Monthly Archives: November 2010

Chief Justice Roberts’ Facebook Page

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This weekend I was perusing Facebook to see what my friends are up to when I decided to start searching for some new Facebook friends. I came up with a brilliant idea--I would become Facebook friends with Chief Justice John Roberts. So I searched for his page, found it, and put in a friend request. A short time later, he accepted. I an now "friends" with the Chief, how cool. I copied his page and thought I would share it with you less cool people.

New Merits Briefs

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Cockle Printing filed reply briefs in the following cases: Thompson v. North American Stainless, No. 09-291; Virginia Office for Protection and Advocacy v. Stewart et al., No. 09-529; and Walker v. Martin, No. 09-996. To view the briefs follow this link.

A Point of Pedagogy

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So the last installment of my three-part series—The Global Gender Gap (#3 of 3)—is going to have to wait.  I’m a little crunched this week, and there’s something else I want to write about. Today I have a yen to write about teaching and technology. Now, if you ask any member of my family regarding [...]

Merits Briefs

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On Friday, the following merits briefs were filed in the U.S. Supreme Court. The briefs can be viewed at this link. The Petitioner's Brief was filed in Stern v. Marshall, No. 10-179; Boeing v. United States, No. 09-1302; Sykes v. United States, No. 09-11311; and Kentucky v. King, No. 09-1271. A Reply Brief was filed in Pepper v. United States, No. 09-6822.
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ABA Journal Has The Scoop On Justice Alito Being Chased By Blogger

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The ABA summarizes this story about Lee Fang--a blogger from Think Progress--chasing Justice Alito and yelling questions about whether it is ethical for the Justice to be attending a Republican fund-raiser dinner. Fang also videotaped one of Justice Alito's security guards threatening to arrest Fang.

Petition Raises an Ex Post Facto Challenge to the Sentencing Guidelines

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For the past three years there has been a growing circuit split on whether a defendant’s sentence may be increased by using a Federal Sentencing Guidelines manual that was amended after the offense took place and whether such an increase would violate the Ex Post Facto Clause. Chicago-based attorney Marc Martin filed a petition on Tuesday in United States v. Custable, asking the Court to remedy the circuit split that has become “more pronounced.” In April of 2005, Frank Custable was indicted on a series of wire and mail fraud offenses, and obstruction of justice.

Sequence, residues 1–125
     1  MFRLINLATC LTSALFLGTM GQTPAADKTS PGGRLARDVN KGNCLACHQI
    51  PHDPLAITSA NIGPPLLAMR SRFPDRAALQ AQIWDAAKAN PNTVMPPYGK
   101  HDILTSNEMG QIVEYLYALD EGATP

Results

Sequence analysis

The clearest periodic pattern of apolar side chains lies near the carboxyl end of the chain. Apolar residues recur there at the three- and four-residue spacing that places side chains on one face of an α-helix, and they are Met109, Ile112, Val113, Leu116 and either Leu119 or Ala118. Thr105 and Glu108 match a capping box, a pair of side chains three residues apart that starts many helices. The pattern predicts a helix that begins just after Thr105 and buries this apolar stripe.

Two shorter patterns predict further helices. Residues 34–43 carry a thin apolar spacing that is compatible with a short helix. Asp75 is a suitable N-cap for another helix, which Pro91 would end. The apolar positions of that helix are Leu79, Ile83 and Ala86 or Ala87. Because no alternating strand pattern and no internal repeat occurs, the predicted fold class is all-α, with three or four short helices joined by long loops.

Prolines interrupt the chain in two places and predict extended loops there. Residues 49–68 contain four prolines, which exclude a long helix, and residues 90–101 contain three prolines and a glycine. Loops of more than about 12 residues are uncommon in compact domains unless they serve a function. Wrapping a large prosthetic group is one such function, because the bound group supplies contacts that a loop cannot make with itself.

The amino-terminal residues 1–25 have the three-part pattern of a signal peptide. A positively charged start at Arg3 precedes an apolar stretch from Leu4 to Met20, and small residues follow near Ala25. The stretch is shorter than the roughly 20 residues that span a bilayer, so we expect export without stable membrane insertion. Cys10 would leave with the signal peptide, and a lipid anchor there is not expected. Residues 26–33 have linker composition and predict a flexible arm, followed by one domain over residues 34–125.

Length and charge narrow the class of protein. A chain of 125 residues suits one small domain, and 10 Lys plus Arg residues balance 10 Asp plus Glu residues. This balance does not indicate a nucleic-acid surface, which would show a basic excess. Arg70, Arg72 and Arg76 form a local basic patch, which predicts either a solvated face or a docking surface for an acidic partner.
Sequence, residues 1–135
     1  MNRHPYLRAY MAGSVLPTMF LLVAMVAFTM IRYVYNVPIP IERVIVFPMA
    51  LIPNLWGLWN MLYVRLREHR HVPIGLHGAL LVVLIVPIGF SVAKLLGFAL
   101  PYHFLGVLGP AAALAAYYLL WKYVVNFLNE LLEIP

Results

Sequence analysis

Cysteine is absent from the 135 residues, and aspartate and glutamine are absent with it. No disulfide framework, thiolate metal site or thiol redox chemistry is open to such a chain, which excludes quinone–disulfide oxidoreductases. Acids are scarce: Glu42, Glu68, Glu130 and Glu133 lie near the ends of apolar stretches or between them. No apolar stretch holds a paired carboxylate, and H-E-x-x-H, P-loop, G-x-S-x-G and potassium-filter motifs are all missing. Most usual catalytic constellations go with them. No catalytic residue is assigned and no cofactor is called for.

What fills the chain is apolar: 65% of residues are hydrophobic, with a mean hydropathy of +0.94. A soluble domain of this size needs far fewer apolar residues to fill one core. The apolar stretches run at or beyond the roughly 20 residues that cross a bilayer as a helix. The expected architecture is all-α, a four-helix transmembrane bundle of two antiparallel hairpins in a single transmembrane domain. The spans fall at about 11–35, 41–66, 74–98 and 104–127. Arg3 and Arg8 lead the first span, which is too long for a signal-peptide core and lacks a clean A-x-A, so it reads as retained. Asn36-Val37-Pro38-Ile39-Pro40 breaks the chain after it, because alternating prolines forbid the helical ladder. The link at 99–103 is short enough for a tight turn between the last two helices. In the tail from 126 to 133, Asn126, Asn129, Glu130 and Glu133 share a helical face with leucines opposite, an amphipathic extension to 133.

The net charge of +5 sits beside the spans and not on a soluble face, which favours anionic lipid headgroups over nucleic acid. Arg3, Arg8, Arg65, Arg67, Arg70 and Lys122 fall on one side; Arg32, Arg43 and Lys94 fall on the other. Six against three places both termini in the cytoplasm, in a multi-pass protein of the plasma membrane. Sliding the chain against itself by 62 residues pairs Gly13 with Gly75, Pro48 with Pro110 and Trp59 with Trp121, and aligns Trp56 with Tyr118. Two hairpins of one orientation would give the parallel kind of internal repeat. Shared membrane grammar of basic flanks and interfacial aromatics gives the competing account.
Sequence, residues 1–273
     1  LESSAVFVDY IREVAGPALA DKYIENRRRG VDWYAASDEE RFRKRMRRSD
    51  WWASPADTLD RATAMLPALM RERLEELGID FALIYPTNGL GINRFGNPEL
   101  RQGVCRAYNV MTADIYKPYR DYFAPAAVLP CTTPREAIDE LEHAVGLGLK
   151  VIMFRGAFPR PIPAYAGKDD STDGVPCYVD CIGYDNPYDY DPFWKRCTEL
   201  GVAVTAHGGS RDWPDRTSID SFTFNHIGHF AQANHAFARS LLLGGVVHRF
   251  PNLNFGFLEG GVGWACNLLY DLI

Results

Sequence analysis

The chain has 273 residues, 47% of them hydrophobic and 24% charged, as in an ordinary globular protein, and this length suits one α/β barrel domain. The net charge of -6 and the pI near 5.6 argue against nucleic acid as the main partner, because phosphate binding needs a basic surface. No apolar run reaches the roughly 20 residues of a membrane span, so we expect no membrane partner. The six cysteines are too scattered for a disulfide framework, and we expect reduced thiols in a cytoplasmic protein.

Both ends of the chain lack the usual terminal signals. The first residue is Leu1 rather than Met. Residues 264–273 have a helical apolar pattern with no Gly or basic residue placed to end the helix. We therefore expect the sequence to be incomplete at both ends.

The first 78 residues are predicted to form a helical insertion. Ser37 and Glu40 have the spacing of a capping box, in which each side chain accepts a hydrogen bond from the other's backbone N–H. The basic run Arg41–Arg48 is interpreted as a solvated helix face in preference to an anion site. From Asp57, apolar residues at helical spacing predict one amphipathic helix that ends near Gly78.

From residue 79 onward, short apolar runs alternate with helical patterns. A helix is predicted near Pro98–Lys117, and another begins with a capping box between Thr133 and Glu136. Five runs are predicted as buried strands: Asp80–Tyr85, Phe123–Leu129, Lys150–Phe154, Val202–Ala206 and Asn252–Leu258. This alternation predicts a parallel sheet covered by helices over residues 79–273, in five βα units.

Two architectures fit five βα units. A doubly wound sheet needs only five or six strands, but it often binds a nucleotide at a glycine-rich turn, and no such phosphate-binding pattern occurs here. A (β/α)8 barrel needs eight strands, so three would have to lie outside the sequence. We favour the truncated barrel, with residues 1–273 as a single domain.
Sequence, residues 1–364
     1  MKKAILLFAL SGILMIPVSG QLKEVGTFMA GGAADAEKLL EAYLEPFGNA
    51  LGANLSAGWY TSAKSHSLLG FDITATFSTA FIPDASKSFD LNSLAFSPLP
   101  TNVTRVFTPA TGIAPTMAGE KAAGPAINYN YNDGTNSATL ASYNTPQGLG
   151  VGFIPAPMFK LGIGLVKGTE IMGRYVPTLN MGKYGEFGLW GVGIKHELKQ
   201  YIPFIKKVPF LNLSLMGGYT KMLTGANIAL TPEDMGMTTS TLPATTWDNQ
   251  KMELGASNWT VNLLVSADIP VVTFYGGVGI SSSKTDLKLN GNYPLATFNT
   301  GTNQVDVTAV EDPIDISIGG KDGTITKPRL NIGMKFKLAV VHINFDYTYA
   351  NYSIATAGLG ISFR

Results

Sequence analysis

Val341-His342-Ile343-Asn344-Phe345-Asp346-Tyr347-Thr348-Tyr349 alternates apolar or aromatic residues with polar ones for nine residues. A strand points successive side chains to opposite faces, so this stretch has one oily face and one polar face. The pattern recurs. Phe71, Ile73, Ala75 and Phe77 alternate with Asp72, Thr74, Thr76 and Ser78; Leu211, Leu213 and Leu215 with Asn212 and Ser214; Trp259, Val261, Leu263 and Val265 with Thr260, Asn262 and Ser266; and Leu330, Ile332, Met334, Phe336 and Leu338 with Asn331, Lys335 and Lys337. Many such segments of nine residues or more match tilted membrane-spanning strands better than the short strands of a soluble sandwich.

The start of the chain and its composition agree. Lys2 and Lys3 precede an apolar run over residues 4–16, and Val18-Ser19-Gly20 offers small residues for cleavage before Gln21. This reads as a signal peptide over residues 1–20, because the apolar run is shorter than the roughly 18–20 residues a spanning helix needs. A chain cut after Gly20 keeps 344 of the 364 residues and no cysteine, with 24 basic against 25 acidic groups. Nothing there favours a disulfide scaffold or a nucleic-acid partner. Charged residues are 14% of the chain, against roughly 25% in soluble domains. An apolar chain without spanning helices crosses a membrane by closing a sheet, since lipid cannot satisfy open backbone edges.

Divorce Italian Style

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Courts often don’t get sex.  We know that.  But I had thought that this was a peculiarly American matter.  Not so, apparently.  British newspapers are reporting that Italy’s Supreme Court of Cassation, its highest court for nonconstitutional issues, has civilly blessed an ecclesiastical court’s annulment of a marriage.  That, by itself, will strike an American [...]
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Administrative Law’s Empire I

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Many have weighed in on Justice Breyer’s recent book, Making Our Democracy Work: A Judge’s View.  They understandably focus on the sexy topics—constitutional interpretation, Brown v. Board of Education, and judicial review generally; the topics most relevant to today’s political battles—statutory interpretation and the culture wars; and Breyer’s own big, nagging question—why does the public [...]

The Global Gender Gap (#2 of 3)–From Horse Race to Health Care

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In my last post, I highlighted the “horse race” aspect of the World Economic Forum’s 2010 Global Gender Gap Report, which shows the Nordic countries ahead of the curve in gender equality and the United States placing in the top 20 (#19) for the first time. The ratings are based on each country’s “Gender Gap [...]

How the Iowa vote may improve the long-term chances for same-sex marriage

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Three justices of the Iowa Supreme Court were defeated for election to new terms on Tuesday. It is as clear as could be that they lost because they had joined in Varnum v. Brien, 763 N.W.2d 862 (Iowa 2009), the court’s unanimous decision holding that the state constitution gives same-sex couples a right to marry. Especially given that Iowa is a relatively moderate state – it has a Democratic Governor but just elected a Republican one; it has two long-standing Senators, one Republican and one a liberal Democrat; and Obama thumped McCain there in 2008 – one might well expect that high court judges in other states will take note and be more hesitant than they might have been to follow in the same path as Varnum.